5 Signs and Symptoms Melanomas can be very different from each other. But several signs and symptoms may indicate melanoma. New mole or growth The first sign of melanoma is often a new mole or growth on the skin. The new growth could be a pearly nodule, a mole or a scaly, red patch. Change in a mole Melanoma can also begin with a change in a mole that has been there for some time. Changes such as the following could occur with melanoma: lumpy more than one colour: black, grey, brown, blue, red, pink, or white larger than the eraser on a pencil Skin lesions Skin lesions could be a sign of melanoma: Many skin problems may look alike. To diagnose melanoma, your doctor needs to gather more information and perform some tests. 6 Melanoma Diagnosis Diagnosis overview Several steps are involved in diagnosing melanoma. Your doctor first takes a medical history and performs a physical examination. If your doctor suspects melanoma, a biopsy is the next step. Other tests may be needed if biopsy confirms a melanoma. Diagnosis in detail History A medical history includes a family and personal history of moles and skin cancer. Family history: About one in 10 people with melanoma have family members with the disease or with many atypical moles. Personal history: Your doctor needs to know about your history of sun exposure, especially severe burns as a child. It is also important to know about any previous skin cancer and any changes in moles. Physical examination A full-body skin examination is vital. Your doctor may photograph your skin to identify any changes at later appointments. A specialist may use a special microscope with a light called a dermoscope to examine your mole. Lymph nodes are also examined. Lymph nodes are small glands that are part of the immune system. They filter out viruses, bacteria, and abnormal cells and destroy them. If cancer is present in the body, it usually spreads first to the lymph nodes in the area. 7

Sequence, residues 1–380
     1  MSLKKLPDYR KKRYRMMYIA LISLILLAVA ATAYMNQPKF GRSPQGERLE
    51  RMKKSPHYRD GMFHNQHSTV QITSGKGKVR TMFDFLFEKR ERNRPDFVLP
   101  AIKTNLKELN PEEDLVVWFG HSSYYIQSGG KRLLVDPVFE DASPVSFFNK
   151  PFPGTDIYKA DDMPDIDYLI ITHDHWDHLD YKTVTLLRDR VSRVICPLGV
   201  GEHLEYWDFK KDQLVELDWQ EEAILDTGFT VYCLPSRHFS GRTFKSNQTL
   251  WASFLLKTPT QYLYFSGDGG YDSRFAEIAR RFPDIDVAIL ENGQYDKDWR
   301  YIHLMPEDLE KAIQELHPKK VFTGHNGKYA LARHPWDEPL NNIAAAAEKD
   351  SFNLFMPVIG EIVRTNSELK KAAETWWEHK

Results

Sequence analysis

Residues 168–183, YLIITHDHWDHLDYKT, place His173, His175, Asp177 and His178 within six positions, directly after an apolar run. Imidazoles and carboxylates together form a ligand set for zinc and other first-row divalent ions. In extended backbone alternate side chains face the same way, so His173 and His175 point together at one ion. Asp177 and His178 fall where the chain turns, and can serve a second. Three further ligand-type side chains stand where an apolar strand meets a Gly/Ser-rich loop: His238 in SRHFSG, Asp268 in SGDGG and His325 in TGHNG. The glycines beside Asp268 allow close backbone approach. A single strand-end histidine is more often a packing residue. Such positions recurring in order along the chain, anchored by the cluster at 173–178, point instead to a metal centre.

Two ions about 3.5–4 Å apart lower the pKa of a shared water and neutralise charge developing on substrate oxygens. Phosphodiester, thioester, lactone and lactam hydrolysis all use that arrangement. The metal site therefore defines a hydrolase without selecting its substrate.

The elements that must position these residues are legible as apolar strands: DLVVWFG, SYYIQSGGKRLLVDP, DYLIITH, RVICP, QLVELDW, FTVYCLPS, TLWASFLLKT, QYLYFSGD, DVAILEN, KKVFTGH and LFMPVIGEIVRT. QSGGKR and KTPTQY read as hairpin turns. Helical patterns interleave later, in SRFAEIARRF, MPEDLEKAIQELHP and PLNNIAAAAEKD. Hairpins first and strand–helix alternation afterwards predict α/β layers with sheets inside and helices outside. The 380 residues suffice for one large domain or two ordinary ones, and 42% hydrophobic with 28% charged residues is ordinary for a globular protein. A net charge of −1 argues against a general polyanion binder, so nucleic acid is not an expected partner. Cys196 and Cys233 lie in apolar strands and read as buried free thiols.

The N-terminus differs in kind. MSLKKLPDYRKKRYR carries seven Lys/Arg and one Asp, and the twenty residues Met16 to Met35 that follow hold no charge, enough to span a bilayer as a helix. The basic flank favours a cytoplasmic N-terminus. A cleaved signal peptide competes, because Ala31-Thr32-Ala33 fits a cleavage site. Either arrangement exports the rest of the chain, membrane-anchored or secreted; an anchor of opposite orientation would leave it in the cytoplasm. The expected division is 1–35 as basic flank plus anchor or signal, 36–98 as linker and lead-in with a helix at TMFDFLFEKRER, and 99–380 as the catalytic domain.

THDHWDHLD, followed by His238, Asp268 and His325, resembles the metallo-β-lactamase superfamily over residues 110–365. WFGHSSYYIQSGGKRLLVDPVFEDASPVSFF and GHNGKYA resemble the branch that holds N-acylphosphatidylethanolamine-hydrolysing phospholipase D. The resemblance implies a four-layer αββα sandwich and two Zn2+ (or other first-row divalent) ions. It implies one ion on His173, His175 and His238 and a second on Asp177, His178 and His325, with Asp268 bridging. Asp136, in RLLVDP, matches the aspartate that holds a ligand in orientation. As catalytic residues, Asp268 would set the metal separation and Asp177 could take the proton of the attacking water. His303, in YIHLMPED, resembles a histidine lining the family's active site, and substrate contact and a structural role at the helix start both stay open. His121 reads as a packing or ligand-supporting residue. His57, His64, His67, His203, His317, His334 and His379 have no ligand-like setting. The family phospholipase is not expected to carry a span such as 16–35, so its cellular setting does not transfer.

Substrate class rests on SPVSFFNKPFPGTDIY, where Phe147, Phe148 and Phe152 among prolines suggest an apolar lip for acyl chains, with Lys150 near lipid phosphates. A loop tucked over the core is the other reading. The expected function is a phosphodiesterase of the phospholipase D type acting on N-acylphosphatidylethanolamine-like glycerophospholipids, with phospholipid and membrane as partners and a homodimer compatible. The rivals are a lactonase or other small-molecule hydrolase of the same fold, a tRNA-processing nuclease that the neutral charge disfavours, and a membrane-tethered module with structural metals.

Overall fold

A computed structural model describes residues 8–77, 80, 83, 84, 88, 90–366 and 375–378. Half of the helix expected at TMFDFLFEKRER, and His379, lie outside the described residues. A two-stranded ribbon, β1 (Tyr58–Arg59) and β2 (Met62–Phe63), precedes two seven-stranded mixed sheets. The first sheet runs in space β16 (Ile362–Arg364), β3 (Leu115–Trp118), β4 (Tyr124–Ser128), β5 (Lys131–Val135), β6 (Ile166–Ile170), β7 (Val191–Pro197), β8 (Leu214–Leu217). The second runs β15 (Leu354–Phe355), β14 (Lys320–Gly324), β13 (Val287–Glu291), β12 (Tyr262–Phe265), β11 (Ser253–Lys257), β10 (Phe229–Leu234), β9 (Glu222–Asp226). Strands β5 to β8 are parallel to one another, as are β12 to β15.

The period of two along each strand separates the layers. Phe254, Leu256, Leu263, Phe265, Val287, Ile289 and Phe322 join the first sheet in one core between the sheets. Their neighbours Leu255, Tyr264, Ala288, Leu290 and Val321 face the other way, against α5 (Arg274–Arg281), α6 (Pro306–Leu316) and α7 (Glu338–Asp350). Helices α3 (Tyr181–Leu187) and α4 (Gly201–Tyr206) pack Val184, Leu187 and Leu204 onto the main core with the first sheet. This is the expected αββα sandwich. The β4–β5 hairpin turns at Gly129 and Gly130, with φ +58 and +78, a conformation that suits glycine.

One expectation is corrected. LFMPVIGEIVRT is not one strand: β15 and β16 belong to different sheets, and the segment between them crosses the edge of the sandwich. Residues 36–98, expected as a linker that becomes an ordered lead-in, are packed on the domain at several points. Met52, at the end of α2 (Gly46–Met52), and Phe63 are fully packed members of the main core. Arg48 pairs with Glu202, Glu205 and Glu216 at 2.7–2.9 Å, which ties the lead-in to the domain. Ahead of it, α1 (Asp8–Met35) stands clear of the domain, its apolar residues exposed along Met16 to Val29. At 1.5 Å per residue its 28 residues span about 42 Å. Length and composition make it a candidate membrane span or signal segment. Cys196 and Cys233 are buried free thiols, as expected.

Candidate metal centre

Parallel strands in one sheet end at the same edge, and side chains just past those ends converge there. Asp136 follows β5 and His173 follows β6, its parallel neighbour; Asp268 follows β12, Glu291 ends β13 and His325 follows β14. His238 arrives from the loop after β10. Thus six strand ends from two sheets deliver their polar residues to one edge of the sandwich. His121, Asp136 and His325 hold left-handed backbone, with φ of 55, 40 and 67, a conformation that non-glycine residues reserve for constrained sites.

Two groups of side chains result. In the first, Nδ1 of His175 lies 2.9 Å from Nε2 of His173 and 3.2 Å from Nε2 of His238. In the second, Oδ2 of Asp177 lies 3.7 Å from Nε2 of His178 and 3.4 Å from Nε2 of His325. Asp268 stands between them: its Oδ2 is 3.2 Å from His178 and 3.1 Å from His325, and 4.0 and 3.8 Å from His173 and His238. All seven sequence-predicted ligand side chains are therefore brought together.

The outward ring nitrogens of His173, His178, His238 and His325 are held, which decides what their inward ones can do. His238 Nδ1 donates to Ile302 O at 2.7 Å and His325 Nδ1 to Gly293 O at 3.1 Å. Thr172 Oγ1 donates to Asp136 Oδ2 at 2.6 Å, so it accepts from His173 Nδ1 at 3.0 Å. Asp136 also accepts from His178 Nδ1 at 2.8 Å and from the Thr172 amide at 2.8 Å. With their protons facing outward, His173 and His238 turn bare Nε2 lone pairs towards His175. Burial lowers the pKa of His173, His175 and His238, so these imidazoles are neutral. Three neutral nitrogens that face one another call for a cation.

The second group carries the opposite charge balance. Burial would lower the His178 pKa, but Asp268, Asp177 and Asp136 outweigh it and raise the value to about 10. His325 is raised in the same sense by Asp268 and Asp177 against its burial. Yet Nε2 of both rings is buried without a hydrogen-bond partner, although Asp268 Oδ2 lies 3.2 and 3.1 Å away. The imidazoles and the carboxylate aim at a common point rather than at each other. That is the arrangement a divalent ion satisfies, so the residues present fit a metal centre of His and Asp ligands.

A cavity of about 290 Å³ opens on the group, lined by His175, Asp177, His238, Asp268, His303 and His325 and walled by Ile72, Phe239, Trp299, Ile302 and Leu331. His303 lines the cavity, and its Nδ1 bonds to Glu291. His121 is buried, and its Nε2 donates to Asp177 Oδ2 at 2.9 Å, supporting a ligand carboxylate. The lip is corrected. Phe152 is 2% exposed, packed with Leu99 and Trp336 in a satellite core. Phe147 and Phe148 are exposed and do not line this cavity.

6 Biopsy A biopsy is the surgical removal of tissue for examination. Biopsy is the only test that can diagnose melanoma. There are two kinds of biopsy: excisional biopsy and incisional biopsy. An excisional biopsy removes the entire mole or growth. If the growth is large, an incisional biopsy may be used to remove part of the lesion. Microscopic examination of the tissue can diagnose melanoma and determine its type and stage. Melanoma stage describes the tumour size, thickness, and how far it has spread. Other tests Your doctor may perform several other tests if the biopsy results suggest the melanoma may have spread deep into the skin. Lymph node biopsy: Your doctor may perform a lymph node biopsy to see if the tumour has spread. Imaging studies: Imaging studies include the familiar x-rays and a computed tomography scan, which is usually called a CT scan. Your doctor may order the following imaging studies: Chest x-ray: This may be performed to confirm that the lungs are free of melanoma. Abdominal Ultrasound: Also called ultrasound scanning or sonography, involves using highfrequency sound waves to produce pictures of the organ. CT scan of the chest /abdomen: This test may be performed, based on results of the chest x-ray. Types of Melanoma There are five different types of melanoma. The melanoma type is determined by microscopic examination of the biopsy sample. Superficial spreading melanoma Superficial spreading melanoma makes up about 70% of melanomas of the skin. This type usually develops from an atypical mole and can be found anywhere on the body. Nodular melanoma Nodular melanoma makes up about 10-15% of melanomas. This type starts growing down into the skin and spreading quickly. Lentigo maligna melanoma Lentigo maligna melanoma makes up about 10-15% of melanomas. This type of melanoma is most often seen on sun-exposed skin, and it is often large. Acral lentiginous melanoma Acral lentiginous melanoma occurs as often in black people as in whites. This type quickly grows down into the skin and begins to spread. Mucosal lentiginous melanoma Mucosal lentiginous melanoma develops in the lining of the respiratory, gastrointestinal, and genitourinary tracts. It is often seen in the elderly. It is often diagnosed at an advanced stage. 8 9